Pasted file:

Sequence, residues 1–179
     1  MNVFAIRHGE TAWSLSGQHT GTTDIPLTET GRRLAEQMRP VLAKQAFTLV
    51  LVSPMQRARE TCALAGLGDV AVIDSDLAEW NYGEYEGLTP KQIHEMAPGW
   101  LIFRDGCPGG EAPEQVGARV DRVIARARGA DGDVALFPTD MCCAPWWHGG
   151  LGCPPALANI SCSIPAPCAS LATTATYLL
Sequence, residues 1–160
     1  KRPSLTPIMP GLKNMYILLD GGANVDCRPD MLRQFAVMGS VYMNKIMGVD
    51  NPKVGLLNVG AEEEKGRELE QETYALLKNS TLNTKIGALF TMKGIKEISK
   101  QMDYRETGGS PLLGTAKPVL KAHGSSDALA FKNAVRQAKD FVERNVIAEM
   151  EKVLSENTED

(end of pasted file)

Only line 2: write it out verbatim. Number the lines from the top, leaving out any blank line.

     1  MNVFAIRHGE TAWSLSGQHT GTTDIPLTET GRRLAEQMRP VLAKQAFTLV